The perks of volunteering after retirement

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Sally Grub, 70, is an office volunteer at the Cancer Resource Center, but that’s not the only organization she’s been involved with.

“I have volunteered ever since I came to Ithaca in my 30s,” she said.

Since moving to Ithaca from the United Kingdom, Grub has volunteered for her church, her school and area organizations that she cares about. And that experience has shown her how volunteerism shifts as one gets older.

“It’s changed because I have more time,” Grub said. “I’ve been able to commit daytime hours on a regular basis and to commit helping at a specific time knowing that I’m not working anywhere else.”

As Grub and others can attest, after retirement, one tends to have more free time but less socialization opportunities, and volunteering for an organization they care about can help provide purpose and friends to the volunteers and bring much-needed help to organizations in the county.

Judy McIntyre, 82, has been a Way2Go volunteer for a few years now after retiring from a 30-year-long teaching position. Once she stopped teaching, she said, she still wanted to carry out that mission of helping others by helping veterans.

“I wanted to continue being of a value and get people to see their value,” she said. “The vets have to see that they’re needed, too.”

Grub said she appreciates the added flexibility that comes with volunteering.

“Because I’m a volunteer and I’m not receiving a paycheck, if I can’t go in for any reason, I just let them know that I can’t come in, unlike when you have a job, you have to go in,” she said.

David Means, 79, and John Maceli, 75, are Gadabout volunteers, and they can attest to having more time to commit to volunteering after retirement. Means retired from a dairy farm, while Maceli retired from a professorship at Ithaca College. Means said he started volunteering after retirement to maintain a sense of purpose, similar to McIntyre.

“As a farmer, I never really had time,” he said. “When I retired, I said ‘well, I should do something.’”

Maceli, like Grub, had volunteered prior to retirement but found he had more time later in life. He and Means have loved the opportunity to socialize with others their age and give back to the community.

“I thought it would be interesting, and then I just got hooked on it and did it,” he said. “Then, as I had more free time, I decided to increase the amount of time. … I enjoy driving, and the people that we drive are really interesting people.”

Means and Maceli can share numerous stories about the people they’ve helped, and meeting unique people makes the work well worth it. Means said that volunteering allowed him to help in ways he couldn’t working on a farm full time.

“I felt like I never did much for my fellow human beings,” he said. “My parents both did some volunteer work, and I was just brought up thinking it’s a good thing to do. It’s very rewarding, really.”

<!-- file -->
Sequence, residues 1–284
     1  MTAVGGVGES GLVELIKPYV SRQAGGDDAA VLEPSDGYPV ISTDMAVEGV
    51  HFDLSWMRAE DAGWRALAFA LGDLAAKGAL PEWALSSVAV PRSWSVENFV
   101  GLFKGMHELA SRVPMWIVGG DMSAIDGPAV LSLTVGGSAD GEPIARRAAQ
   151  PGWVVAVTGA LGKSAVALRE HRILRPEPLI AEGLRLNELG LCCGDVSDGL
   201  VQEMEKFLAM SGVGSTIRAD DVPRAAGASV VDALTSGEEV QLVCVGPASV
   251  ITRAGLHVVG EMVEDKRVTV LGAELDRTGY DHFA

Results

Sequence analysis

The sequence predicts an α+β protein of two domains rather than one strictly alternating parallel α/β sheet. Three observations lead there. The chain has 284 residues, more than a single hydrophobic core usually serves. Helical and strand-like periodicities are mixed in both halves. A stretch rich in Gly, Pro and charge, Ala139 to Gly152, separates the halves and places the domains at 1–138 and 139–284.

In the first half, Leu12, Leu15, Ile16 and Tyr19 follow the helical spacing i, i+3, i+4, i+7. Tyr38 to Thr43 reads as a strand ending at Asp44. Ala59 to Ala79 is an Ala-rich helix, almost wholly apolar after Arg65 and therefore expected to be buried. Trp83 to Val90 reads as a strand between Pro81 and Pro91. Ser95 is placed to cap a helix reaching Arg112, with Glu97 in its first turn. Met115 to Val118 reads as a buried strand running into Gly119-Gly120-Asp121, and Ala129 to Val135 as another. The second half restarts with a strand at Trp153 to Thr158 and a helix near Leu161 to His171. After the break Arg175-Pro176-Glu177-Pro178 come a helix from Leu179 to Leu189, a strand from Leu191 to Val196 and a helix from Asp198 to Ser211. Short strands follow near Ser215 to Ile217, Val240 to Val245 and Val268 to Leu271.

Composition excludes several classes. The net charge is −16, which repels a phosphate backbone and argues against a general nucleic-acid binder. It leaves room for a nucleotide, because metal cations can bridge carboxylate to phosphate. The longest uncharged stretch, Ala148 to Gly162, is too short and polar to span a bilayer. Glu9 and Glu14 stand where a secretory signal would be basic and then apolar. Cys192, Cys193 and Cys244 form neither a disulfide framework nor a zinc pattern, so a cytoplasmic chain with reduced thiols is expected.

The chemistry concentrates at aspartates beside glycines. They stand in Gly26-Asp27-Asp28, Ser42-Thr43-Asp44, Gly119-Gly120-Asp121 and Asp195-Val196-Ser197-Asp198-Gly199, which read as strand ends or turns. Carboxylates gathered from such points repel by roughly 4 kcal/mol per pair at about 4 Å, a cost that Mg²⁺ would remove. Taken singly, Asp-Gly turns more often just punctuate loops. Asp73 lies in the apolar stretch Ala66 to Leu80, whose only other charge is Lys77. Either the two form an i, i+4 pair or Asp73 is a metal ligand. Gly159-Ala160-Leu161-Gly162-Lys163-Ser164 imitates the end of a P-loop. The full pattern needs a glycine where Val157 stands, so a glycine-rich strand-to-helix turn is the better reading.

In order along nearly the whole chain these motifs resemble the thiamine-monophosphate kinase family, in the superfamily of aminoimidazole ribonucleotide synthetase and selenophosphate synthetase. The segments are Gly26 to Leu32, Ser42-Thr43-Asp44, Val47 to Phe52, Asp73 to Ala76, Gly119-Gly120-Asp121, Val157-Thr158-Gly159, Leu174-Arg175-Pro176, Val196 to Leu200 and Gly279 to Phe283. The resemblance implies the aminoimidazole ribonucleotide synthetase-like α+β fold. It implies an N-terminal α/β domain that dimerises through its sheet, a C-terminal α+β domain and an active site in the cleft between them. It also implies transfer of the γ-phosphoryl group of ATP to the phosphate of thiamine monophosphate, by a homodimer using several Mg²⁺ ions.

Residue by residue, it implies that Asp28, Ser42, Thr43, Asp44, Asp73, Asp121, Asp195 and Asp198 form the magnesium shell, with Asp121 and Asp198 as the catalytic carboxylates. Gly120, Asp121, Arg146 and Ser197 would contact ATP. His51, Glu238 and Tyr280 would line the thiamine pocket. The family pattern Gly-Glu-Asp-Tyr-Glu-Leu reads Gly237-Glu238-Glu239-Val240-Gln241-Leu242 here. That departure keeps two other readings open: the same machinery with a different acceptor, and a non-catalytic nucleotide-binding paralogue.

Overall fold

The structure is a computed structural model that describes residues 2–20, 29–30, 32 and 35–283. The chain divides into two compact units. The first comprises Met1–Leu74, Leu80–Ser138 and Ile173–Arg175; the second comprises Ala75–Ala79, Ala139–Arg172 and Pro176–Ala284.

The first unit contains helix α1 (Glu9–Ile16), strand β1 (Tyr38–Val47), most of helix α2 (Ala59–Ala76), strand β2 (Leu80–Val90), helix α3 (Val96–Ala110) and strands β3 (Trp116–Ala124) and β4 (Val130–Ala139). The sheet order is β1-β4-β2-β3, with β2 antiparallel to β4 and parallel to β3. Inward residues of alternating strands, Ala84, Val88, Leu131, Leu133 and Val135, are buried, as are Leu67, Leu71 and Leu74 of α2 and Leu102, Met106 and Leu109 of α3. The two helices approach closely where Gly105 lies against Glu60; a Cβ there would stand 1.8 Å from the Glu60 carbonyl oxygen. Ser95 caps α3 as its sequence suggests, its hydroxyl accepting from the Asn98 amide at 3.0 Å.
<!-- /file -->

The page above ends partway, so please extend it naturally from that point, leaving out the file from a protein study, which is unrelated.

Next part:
And the benefit spreads to those on the receiving end of that volunteer work, too. McIntyre has seen the difference she can make on the lives of the people she helps, as she can often help veterans feel valued.

“I’m someone that they can depend on,” she said. “I am someone that brings them comfort and keeping the discussion light. … It’s a good feeling for me to know that I’m doing something that’s helpful for people.”

As far as where to volunteer, Wendy Yettru, manager of volunteer services at Hospicare, said it all depends on what the retiree is interested in. Yettru said about 40% of Hospicare patient care volunteers are retirees, and many have a personal connection to the services.

“Volunteering is based on interest and what speaks to your heart, to your passion, so … the people that end up here have often had some sort of experience with hospice being a positive thing for someone they knew and loved,” Yettru said.

Yettru had this advice to offer for retirees looking to volunteer.

“Get involved with what speaks to them,” she said. “What is their passion? What do they feel passionately about in their community? Because they will show up both emotionally and physically if they’re invested.”

Grub offered similar advice, adding that finding something you’re passionate about can make the experience more enjoyable for everyone involved.

“Do something that you’re interested in,” she said. “Don’t do something that is a grind. … You should volunteer because it’s a pleasure. You should volunteer because it’s really important to you that an organization is successful.”

Grub said there are plenty of great places to look for volunteer opportunities, from churches to nonprofits to libraries. Ultimately, volunteering can be rewarding and provide help and purpose.

“The pay you get is the benefit you give to the organization and the thanks you get from them,” Grub said. “And you get great enjoyment doing the work. … It’s worth it because it’s the way we help each other.”

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